Magnetic force: http://youtu.be/8J86xsjjMw8

### Demo on demand

Let’s face it. Many schools are well equipped with demonstration sets that are under-utilized due to various reasons. Demonstrations videos, on the other hand, are accessible to a global audience round the clock.

## How

### Media resource for lectures or tutorials

Demonstration on video are very effective resources for daily lessons. Many demonstrations are good triggers for discussion and teaching of new concepts.

### Inquiry learning

What do we get when we pair URLs to videos of physics demonstrations, and well-designed probing questions? An inquiry learning worksheet.

## Find out more from his website

http://xmphysicsdemo.wordpress.com/

Enjoy!

### Open source physics specialist sharing with ETD

 Open source physics specialist sharing with ETD
Open source physics specialist sharing with ETD. #edsg #physicsed http://www.slideshare.net/lookang/open-source-physics-specialist-sharing-with-etd
 Open source physics specialist sharing with ETD
 http://www.opensocietyfoundations.org/explainers/what-open-access
 http://weelookang.blogspot.sg/p/physics-applets-virtual-lab.html

## Wednesday, April 16, 2014

### jan 2014 contact teacher's digest out

jan 2014 contact teacher's digest out! the article is actually about #edsg twitter as an online space for educational discussion in SG.

http://www.moe.gov.sg/corporate/contactprint/pdf/contact_jan14.pdf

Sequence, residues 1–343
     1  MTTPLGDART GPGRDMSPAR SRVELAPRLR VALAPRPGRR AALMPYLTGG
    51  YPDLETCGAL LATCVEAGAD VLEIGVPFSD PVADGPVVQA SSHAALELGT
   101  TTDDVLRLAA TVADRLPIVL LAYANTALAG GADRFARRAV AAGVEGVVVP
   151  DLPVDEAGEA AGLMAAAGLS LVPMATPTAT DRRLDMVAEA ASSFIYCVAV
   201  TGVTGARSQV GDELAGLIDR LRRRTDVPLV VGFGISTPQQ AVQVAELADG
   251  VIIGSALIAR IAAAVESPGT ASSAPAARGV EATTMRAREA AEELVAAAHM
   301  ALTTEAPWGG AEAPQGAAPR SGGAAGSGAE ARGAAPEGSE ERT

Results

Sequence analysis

jan 2014 contact teacher's digest pg 17 Tips on building a learning  network online  http://www.moe.gov.sg/corporate/contactprint/pdf/contact_jan14.pdf

 jan 2014 contact teacher's digest pg 17 and 18 Tips on building a learning  network online  http://www.moe.gov.sg/corporate/contactprint/pdf/contact_jan14.pdf

## Speakers:

Mr. Hisham Haslir, Ping Yi Secondary School
Mr. Kwan Tuck Soon, Rulang Primary School

### EJS Dynamics: 1 Direction Collision Force Model

thanks to mr yip's feedback, a bug (solver defaulted to Euler instead of  Runge-kutta 4) was removed.

some of useful features include

for an expanded view or close up view of the F-t graph, move the carts by dragging on the carts near to the right side of the world view, as the plot detects the Tmax for simulation to run.

 collision cart, showing ideal e=0 and smaller view space xmin=0 and xmax=1 http://weelookang.blogspot.sg/2014/04/ejs-dynamics-1-direction-collision.html https://dl.dropboxusercontent.com/u/44365627/lookangEJSworkspace/export/ejs_model_Momentum1DForceModel09.jar author: lookang, paco and engrg1 worksheets by (lead) AJC: https://www.dropbox.com/s/5obo5awn3w3zrgr/CollsionCartsAJC.zip (lead) RVHS: https://www.dropbox.com/s/8bq51hqa1jsjcvn/CollsionCartsRVHS.zip IJC https://www.dropbox.com/s/ztwc4pkvtc7ho50/CollisoncartsIJC.zip SRJC: https://www.dropbox.com/s/m4yrerc97fgesn2/CollisioncartsSRJC.zip YJC: https://www.dropbox.com/s/uguy3ewndj0pqxr/CollisionCartsYJC2013.zip

## ideal e=1

 collision cart, showing ideal e=1 http://weelookang.blogspot.sg/2014/04/ejs-dynamics-1-direction-collision.html https://dl.dropboxusercontent.com/u/44365627/lookangEJSworkspace/export/ejs_model_Momentum1DForceModel09.jar author: lookang, paco and engrg1 worksheets by (lead) AJC: https://www.dropbox.com/s/5obo5awn3w3zrgr/CollsionCartsAJC.zip (lead) RVHS: https://www.dropbox.com/s/8bq51hqa1jsjcvn/CollsionCartsRVHS.zip IJC https://www.dropbox.com/s/ztwc4pkvtc7ho50/CollisoncartsIJC.zip SRJC: https://www.dropbox.com/s/m4yrerc97fgesn2/CollisioncartsSRJC.zip YJC: https://www.dropbox.com/s/uguy3ewndj0pqxr/CollisionCartsYJC2013.zip